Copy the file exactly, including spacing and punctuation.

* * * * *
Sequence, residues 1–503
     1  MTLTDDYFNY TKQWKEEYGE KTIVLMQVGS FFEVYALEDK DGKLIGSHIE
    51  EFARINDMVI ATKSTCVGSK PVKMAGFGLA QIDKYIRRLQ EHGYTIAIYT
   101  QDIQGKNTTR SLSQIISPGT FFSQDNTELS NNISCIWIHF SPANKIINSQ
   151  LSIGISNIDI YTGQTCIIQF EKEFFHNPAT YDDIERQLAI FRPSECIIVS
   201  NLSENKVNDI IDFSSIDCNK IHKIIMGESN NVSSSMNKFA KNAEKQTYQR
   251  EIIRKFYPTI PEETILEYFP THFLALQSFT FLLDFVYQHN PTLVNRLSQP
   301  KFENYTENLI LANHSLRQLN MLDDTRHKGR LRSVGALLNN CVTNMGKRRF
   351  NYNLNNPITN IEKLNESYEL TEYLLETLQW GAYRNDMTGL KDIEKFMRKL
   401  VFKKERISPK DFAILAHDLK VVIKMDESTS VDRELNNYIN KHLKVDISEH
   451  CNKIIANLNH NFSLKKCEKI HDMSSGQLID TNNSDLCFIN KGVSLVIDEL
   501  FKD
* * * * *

Sequence, residues 1–503
     1  MTLTDDYFNY TKQWKEEYGE KTIVLMQVGS FFEVYALEDK DGKLIGSHIE
    51  EFARINDMVI ATKSTCVGSK PVKMAGFGLA QIDKYIRRLQ EHGYTIAIYT
   101  QDIQGKNTTR SLSQIISPGT FFSQDNTELS NNISCIWIHF SPANKIINSQ
   151  LSIGISNIDI YTGQTCIIQF EKEFFHNPAT YDDIERQLAI FRPSECIIVS
   201  NLSENKVNDI IDFSSIDCNK IHKIIMGESN NVSSSMNKFA KNAEKQTYQR
   251  EIIRKFYPTI PEETILEYFP THFLALQSFT FLLDFVYQHN PTLVNRLSQP
   301  KFENYTENLI LANHSLRQLN MLDDTRHKGR LRSVGALLNN CVTNMGKRRF
   351  NYNLNNPITN IEKLNESYEL TEYLLETLQW GAYRNDMTGL KDIEKFMRKL
   401  VFKKERISPK DFAILAHDLK VVIKMDESTS VDRELNNYIN KHLKVDISEH
   451  CNKIIANLNH NFSLKKCEKI HDMSSGQLID TNNSDLCFIN KGVSLVIDEL
   501  FKD